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ATM UML Diagrams

atm solutions,uml examples, uml example, uml diagram creator, best uml tool, banking system ATM UML Diagrams

The ATM UML Diagrams solution lets you create ATM solutions and UML examples. Use ConceptDraw PRO as a UML diagram creator to visualize a banking system. Read more
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HelpDesk

How to Create a Bank ATM Use Case Diagram

UML diagrams are often used in banking management for documenting a banking system. In particular, the interaction of bank customers with an automated teller machine (ATM) can be represented in a Use Case diagram. Before the software code for an ATM, or any other system design, is written, it is necessary to create a visual representation of any object-oriented processes. This is done most effectively by creating a Unified Modeling Language (UML) diagram, using object-oriented modeling. UML works as a general purpose modeling language for software engineers or system analysts, offering a number of different diagram styles with which to visually depict all aspects of a software system. ConceptDraw PRO diagramming software, enhanced and expanded with the ATM UML Diagrams solution, offers the full range of icons, templates and design elements needed to faithfully represent ATM and banking information system architecture using UML standards. The ATM UML Diagrams solution is useful for beginner and advanced users alike. More experienced users will appreciate a full range of vector stencil libraries and ConceptDraw PRO's powerful software, that allows you to create your ATM UML diagram in a matter of moments. Read more

systems engineering, sysml SYSML

The SysML solution helps to present diagrams using Systems Modeling Language; a perfect tool for system engineering. Read more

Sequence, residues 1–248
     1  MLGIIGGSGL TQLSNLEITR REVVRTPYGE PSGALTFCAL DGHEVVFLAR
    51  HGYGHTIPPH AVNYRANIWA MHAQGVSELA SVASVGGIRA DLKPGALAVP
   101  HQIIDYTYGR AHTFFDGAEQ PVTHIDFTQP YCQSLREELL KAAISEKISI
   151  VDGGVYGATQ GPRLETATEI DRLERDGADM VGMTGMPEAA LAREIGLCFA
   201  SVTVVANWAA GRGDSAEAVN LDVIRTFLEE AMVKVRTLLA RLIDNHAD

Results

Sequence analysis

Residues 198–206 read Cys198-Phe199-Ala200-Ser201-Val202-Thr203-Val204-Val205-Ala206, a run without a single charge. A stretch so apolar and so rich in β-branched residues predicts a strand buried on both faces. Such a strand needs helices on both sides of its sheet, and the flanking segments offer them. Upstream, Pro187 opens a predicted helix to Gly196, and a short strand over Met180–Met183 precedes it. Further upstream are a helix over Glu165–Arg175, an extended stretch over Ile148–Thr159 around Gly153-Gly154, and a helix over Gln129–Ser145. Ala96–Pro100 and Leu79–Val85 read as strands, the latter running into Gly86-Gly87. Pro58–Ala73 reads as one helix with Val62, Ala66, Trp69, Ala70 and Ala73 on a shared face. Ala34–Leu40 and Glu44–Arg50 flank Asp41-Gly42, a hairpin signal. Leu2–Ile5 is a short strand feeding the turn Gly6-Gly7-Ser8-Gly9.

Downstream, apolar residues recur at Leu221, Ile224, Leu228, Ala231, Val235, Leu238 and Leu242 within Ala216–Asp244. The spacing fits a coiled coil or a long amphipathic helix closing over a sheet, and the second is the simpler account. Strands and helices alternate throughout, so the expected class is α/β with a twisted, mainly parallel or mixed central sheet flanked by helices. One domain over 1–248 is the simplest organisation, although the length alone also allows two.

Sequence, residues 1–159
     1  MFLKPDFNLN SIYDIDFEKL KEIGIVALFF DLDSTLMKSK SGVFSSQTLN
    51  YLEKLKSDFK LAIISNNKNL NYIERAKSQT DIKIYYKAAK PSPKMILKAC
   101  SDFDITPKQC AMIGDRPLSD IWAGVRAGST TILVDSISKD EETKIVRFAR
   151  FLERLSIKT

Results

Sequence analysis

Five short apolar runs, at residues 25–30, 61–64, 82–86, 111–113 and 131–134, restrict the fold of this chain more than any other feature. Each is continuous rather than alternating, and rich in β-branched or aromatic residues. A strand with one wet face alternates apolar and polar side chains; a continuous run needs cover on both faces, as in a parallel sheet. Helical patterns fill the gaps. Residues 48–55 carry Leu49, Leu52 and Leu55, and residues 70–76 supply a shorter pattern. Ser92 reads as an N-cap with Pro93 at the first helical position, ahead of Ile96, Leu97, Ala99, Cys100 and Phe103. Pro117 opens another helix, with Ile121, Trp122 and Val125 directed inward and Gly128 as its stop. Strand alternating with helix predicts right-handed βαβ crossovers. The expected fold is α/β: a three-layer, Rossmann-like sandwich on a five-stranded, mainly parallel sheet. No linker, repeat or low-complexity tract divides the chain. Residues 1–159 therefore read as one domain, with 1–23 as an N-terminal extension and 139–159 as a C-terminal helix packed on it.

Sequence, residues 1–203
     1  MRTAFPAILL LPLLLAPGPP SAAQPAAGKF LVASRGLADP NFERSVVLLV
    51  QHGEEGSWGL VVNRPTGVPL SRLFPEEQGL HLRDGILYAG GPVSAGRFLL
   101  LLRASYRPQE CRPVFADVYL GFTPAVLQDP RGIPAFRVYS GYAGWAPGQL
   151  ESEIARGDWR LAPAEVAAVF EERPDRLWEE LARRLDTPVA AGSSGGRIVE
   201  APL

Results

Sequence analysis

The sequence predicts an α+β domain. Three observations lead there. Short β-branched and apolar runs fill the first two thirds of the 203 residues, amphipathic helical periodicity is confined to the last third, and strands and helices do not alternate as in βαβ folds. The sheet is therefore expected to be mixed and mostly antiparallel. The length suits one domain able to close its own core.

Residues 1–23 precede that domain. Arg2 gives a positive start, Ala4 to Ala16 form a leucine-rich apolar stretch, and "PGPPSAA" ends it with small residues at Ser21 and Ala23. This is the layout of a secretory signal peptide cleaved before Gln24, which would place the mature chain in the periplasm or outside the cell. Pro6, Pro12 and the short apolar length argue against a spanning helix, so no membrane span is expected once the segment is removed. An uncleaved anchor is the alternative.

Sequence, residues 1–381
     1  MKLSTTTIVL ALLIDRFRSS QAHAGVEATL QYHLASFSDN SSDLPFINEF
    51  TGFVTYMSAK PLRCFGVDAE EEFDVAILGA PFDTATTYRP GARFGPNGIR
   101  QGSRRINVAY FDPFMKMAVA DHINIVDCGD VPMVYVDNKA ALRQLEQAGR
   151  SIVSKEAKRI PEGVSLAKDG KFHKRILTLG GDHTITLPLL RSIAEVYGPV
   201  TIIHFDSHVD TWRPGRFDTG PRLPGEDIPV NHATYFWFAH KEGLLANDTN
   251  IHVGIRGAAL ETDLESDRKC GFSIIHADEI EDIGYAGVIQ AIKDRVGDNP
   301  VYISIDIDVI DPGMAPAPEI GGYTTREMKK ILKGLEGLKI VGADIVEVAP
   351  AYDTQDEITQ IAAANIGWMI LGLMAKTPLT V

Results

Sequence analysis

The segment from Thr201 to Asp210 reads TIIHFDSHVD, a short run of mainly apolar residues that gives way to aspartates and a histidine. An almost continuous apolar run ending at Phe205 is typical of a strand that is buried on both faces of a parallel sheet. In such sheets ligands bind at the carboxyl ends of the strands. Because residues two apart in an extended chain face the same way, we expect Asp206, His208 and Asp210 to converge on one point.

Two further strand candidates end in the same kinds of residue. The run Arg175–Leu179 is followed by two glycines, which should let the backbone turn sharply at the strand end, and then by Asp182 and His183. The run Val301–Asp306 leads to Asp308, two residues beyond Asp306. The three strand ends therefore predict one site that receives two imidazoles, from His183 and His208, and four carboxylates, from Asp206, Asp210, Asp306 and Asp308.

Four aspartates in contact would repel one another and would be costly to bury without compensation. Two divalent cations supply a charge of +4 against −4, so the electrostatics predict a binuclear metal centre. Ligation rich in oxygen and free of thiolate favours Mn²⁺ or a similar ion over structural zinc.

systems engineering, sysml
The vector stencils library "Bank UML sequence diagram" contains 34 shapes for drawing UML sequence diagrams.
Use it for object-oriented modeling of your bank information system.
"A sequence diagram shows, as parallel vertical lines (lifelines), different processes or objects that live simultaneously, and, as horizontal arrows, the messages exchanged between them, in the order in which they occur. This allows the specification of simple runtime scenarios in a graphical manner.
Diagram building blocks.
If the lifeline is that of an object, it demonstrates a role. Leaving the instance name blank can represent anonymous and unnamed instances.
Messages, written with horizontal arrows with the message name written above them, display interaction. Solid arrow heads represent synchronous calls, open arrow heads represent asynchronous messages, and dashed lines represent reply messages. ...
Activation boxes, or method-call boxes, are opaque rectangles drawn on top of lifelines to represent that processes are being performed in response to the message (ExecutionSpecifications in UML).
Objects calling methods on themselves use messages and add new activation boxes on top of any others to indicate a further level of processing.
When an object is destroyed (removed from memory), an X is drawn on top of the lifeline, and the dashed line ceases to be drawn below it ...
A message sent from outside the diagram can be represented by a message originating from a filled-in circle (found message in UML) or from a border of the sequence diagram (gate in UML)." [Sequence diagram. Wikipedia]
This example of UML sequence diagram symbols for the ConceptDraw PRO diagramming and vector drawing software is included in the ATM UML Diagrams solution from the Software Development area of ConceptDraw Solution Park. Read more
UML sequence diagram symbols